Factors Affecting Replacement Cost of Windows
There are windows and then there are windows. In this area of your home improvements, quality does count and you DO get what you pay for. Unless you want to replace your windows every five years or so, and who wants to go through that cost?, plan on spending a little more money to get the better windows with all of the energy efficiency hoopla that you can afford.
At this point, let me point out that there is a huge difference between replacement windows and new construction windows. Most people opt to replace their old windows with new construction windows. The difference is simple. Replacement windows are just replacements of the glass portion of the window inside the old frames. New construction windows include a new frame. Because the energy efficiency of a window is lost around a frame as well as through the glass and panes, spend a little extra money and go with the new construction windows.
Whether you are replacing windows because one of the kids accidentally tossed a ball through one of them (oops!), because they are old and ugly, or because they are old and costing you a fortune in your heating and air conditioning bill, there are many factors that will affect how much the new windows cost.
Single, Double or Triple Pane
Single pane windows have a single layer of glass throughout. Double and triple pane windows have two or three layers of glass. Single pane windows are the least expensive but are also the least energy efficient. Double and triple pane windows are more expensive but offer better insulation for your home. The difference in price these day between single and double pane windows is negligible. Go with the energy efficiency. Your electric bill will love you!
Besides better insulation, double and triple pane windows offer better wind and shatter resistance. Double and triple pane windows have a sheet of plastic laminate between the windows which makes them more resistant to shattering if a projectile hits them during a tropical storm, hurricane, tornado or other extreme storm. In hurricane prone areas, windows must be hurricane resistant to wind speeds of 110 mph or higher. Hurricane and shatter-resistant windows, as mentioned below, also can have argon gas between the layers. All of this protection together means greater security for your home. In many cases, it will take a burglar 45 minutes to pound a hammer-sized hole through your window. How many burglars are going to stick around that long to get into your home?
The U-factor of a window is its energy efficiency rating, or how well it traps heat (or cold) inside the home. The higher a window’s resistance to heat loss the more energy efficient it is and the more it will insulate your home. The energy efficiency of windows has become something that consumers look at in this age of green living. Homeowners in cold climates want to keep warm air in their homes in the winter and homeowners in warm climates want to keep cool air in their homes in the summer.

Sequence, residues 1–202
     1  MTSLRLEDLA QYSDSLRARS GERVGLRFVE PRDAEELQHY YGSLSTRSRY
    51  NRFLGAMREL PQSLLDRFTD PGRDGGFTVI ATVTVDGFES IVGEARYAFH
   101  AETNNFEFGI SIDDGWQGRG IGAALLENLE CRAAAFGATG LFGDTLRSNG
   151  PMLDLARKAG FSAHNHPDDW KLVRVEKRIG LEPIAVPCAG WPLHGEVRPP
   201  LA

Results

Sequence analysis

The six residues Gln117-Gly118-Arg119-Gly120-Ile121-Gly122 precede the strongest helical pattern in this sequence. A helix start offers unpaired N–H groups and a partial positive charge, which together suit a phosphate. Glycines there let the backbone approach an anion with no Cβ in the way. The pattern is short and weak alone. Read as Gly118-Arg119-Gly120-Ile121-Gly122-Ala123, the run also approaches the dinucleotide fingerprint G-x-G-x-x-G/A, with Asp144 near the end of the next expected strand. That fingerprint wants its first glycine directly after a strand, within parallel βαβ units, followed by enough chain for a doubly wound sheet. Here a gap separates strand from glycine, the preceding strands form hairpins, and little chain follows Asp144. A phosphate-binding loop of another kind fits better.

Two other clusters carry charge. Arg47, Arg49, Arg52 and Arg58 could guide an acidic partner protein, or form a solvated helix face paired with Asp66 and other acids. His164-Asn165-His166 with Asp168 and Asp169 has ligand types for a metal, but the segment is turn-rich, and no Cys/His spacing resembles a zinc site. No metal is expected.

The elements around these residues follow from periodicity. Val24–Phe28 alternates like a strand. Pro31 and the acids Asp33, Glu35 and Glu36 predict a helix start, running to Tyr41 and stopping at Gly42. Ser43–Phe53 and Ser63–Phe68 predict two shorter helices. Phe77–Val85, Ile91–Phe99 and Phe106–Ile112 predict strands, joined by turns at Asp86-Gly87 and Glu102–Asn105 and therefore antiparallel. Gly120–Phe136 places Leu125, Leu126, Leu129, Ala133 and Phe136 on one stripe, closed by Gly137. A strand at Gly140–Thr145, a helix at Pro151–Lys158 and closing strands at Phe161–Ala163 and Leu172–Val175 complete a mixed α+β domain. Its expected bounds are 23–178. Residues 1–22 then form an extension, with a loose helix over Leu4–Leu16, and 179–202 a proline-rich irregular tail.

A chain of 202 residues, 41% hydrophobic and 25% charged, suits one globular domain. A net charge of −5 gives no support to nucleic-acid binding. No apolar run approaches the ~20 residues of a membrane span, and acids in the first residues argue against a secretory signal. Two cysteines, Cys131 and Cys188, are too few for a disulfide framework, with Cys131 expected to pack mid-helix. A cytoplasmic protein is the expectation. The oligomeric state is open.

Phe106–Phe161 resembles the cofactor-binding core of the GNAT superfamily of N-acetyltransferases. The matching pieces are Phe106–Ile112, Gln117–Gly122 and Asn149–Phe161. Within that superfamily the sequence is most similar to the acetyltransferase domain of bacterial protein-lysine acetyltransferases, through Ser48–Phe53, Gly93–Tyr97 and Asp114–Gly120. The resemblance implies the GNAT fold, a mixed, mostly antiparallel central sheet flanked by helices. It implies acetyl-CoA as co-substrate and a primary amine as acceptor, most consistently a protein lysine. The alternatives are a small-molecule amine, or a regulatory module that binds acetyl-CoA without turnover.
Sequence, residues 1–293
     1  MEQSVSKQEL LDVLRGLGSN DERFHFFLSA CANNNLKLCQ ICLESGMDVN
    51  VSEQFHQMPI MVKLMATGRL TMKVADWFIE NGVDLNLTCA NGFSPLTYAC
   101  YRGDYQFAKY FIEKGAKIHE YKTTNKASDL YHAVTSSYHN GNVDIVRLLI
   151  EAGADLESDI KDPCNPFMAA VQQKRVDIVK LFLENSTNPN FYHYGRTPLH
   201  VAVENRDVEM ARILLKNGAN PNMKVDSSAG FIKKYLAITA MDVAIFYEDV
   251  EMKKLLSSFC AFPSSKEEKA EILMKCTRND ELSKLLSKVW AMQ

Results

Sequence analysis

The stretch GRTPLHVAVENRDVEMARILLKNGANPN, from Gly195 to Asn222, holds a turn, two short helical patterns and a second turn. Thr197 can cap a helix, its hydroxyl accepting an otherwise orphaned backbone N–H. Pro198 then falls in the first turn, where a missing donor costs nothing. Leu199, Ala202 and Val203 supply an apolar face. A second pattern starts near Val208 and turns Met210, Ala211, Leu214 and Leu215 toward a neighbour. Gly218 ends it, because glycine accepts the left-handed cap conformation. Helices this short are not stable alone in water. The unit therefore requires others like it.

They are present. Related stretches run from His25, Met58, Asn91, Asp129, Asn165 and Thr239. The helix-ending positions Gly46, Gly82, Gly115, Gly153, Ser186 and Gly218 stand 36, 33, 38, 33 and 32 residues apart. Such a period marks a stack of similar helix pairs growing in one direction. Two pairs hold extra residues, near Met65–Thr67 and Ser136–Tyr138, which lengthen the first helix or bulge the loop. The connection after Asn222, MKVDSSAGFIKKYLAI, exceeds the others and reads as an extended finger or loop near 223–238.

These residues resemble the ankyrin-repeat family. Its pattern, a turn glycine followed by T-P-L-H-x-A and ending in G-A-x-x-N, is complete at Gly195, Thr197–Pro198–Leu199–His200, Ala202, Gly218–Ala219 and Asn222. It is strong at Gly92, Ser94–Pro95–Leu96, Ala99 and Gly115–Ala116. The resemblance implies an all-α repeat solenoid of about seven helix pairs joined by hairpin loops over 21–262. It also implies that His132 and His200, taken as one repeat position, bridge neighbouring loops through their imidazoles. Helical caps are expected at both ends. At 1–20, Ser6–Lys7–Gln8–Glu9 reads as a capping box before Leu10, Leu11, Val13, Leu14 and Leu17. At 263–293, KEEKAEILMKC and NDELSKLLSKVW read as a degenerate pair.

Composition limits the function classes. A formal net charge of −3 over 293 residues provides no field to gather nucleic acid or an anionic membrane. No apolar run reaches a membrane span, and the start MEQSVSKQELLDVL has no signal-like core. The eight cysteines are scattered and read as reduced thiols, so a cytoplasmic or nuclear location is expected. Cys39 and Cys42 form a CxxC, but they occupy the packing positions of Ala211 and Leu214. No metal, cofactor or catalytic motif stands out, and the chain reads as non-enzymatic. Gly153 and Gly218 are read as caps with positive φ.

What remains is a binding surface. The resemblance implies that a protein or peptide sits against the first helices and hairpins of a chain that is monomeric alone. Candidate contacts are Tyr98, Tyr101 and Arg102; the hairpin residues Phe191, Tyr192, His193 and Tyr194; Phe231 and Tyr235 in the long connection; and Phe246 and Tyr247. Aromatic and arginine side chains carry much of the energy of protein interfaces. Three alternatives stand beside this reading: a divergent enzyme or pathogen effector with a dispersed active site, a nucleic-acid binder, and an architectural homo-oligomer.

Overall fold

The National Fenestrations Rating Council rates the efficiency of most windows with a numeric value, usually between 0.20 and 1.20. The lower the rating the more energy efficient the window.
Material of the Frame
The frame of the window will be made of vinyl or PVC, aluminum or wood. New windows are nearly always constructed of vinyl or aluminum because these materials are more popular with consumers due to their lower cost and maintenance. Of the three choices, aluminum is the least expensive and wood is the most expensive. If you are replacing windows in an historic home, you may want to go with the wood frame windows to keep the original look of the home.
As mentioned above, double and triple pane windows also can have argon gas between the layers of glass. Besides adding to the security of these thick windows, the argon lowers the amount of UV that can pass through the window. These kinds of windows are said to be “low E”.
The majority of new windows are single-hung. On these windows only the bottom of the window slides up and down. Windows on which the top and bottom slide open are called double-hung. Single-hung windows are the least expensive of all windows. Other styles include awning, casement, crank and jalousie windows. These are all less popular and not made by as many window companies. In many instances they have to be custom made making them much more expensive alternatives. The homeowner of an older or historic home may choose one of these other styles to keep the original character of the home intact.
Window sizes have changed over the years. In particular, historic era homes – those from the 1800s or early 1900s – have much larger windows because windows were the only source of light at that time. By contrast, the most common size of windows today is 36” X 60” or 3’ X 5’. Replacing larger windows can get expensive as they often have to be custom made. Homeowners on a budget usually opt to use today’s standard size window by framing the original opening to fit the size of the new window and closing the rest of that original opening.
When you first consider replacing your home’s windows, it is important to know your budget. Though many factors will affect the price of your windows, spending a little more for them now can yield savings in electrical costs over the next several years. Understanding all the factors that affect price and determining what you need in a window will help you choose the best, most cost-effective windows for your home.
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